The rule at Standing Boy, per our agreement with State Parks, is that motorized vehicles are not allowed on the trails. E-bikes have motors and are thus not allowed on the trails. E-bikes are not “motorcycles,” but they are also not bikes. E-bikes are e-bikes.
However, we have reached an agreement with State Parks to allow e-bikes on a trial basis. This is not a change in the underlying rule, but rather an experiment to see if we can allow e-bikes without it being detrimental to the trails and overall user experience.
State Parks has had bad experiences with e-bikes and was somewhat reluctant to let us allow e-bikes on a trial basis. Thus, this temporary allowance of e-bike will be revoked quickly if e-bikes become problematic.
One of the main problems with e-bikes son natural-surface trails is the classes of e-bikes and the resulting types of e-bikes currently on the market in the US. The classes were developed primarily for paved paths, where average speeds are much higher, and considerations involve not only recreation but also general transportation. These classes do not translate well to natural-surface trails.
Class 2 and 3 e-bikes are universally agreed to be inappropriate for natural-surface trails like Standing Boy, and CLASS 2 AND 3 E-BIKES ARE ABSOLUTELY PROHIBITED AT STANDING BOY.
This leaves Class 1 e-bikes. In the US, Class 1 e-bikes can have pedal assist up to 20mph and provide up to 750 watts of additional power (which translates into a lot of additional torque). Currently, almost all class 1 e-bikes on the market provide the maximum allowable speed and power.
For multi-use trail systems on rolling terrain like Standing Boy, this is way too fast and way too much power. An average rider produces normalized power of about 150-200 watts and on flat sections of trail averages speeds way below 20mph. In Europe, class 1 e-bikes are limited to 15mph and 250 watts, which is much more appropriate.
This article does an excellent job of summarizing the foregoing points. To provide context and transparency, PeopleforBikes is basically an industry-funded lobbying group.
To be clear, the concern over e-bikes is purely a matter of trail management and is solely focused on preserving our trails and avoiding user conflict, and thereby ensuring our trails remain in good shape and open to bikes for years to come. We have absolutely no interest in trying to dictate your riding experience.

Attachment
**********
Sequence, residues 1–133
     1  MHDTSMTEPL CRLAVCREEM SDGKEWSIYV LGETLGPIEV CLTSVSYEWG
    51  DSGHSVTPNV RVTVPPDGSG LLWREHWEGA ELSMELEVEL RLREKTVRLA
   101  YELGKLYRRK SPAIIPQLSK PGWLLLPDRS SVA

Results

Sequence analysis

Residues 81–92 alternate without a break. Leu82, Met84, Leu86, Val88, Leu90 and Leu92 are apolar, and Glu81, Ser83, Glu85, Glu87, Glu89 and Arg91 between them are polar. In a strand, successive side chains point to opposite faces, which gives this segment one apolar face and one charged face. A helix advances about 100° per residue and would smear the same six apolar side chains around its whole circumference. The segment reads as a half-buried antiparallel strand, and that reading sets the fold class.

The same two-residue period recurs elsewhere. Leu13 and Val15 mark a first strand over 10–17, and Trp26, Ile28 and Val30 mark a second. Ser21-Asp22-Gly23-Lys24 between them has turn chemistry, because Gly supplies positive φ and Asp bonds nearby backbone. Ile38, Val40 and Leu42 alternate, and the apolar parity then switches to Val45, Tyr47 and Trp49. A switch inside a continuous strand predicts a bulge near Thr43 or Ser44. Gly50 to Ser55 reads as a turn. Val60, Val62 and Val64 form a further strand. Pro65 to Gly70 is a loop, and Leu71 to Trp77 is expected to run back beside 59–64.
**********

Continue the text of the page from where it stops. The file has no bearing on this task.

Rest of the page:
As a general matter, it’s fantasy that trails and trail management will not be substantially affected by the introduction of 45 to 50 lbs machines with 750 watts of additional power up to 20mph. Take, for example, the BYU study that found riders on bikes and maximum-powered, class 1 e-bikes exerted the same level of effort. What is often not noted is that when on e-bikes, the riders went 50% faster over a 5.5 mile loop with 700 feet of elevation change.
They weren’t going any faster on the downs. All of that difference is from the flats and ups. Really think about that in terms of the impact on our trails and other users on a multi-use trail system, much of which is eventually going to allow for bi-directional bike traffic.
That said, e-bikes are absolutely going to create positives as well as negatives. We are just going to need to monitor and manage the negatives very carefully until things get to a stable, time-tested place on a national level. To allow us to continue to allow e-bikes on a trial basis, please do the following:
- If you do not need an e-bike in order to ride the trails (e.g., no disability; not pushing or over, say, 60 years old), then
- View an e-bike as a way to ride 50% longer and not 50% faster,
- Recognize the bike you might use to self-shuttle gravity trails in Tennessee or North Carolina (e.g., Kanuga) is not an appropriate or fun e-bike for Standing Boy, and
- Wait. Bikes like the Specialized Levo SL, Trek E-Caliber, and, to a slightly lesser extent, the Orbea Rise approximate the European standards and are much more appropriate for Standing Boy. It is almost certainly the case that many more such e-bikes are on the way. I (Blake) am curious about one of these personally, and I’m thinking 2-3 years until something I might want is on the market (and actually available( at a price I’d be willing to pay.
2. If you own one of the 50lbs, maximum-powered class 1 e-bikes, please use all that power and speed judiciously. Stay out of turbo mode. Maintain reasonable speeds on the flats and ups, brake early and gradually for corners (i.e., don’t lock up the wheels and skid), etc.
3. In a very friendly way, let the people you see out there on e-bikes know about this trial period and encourage them to be careful with their speed and generally responsible so we can continue to enjoy the trails.
In short, please don’t screw this up for people who truly need an e-bike in order to enjoy our trails.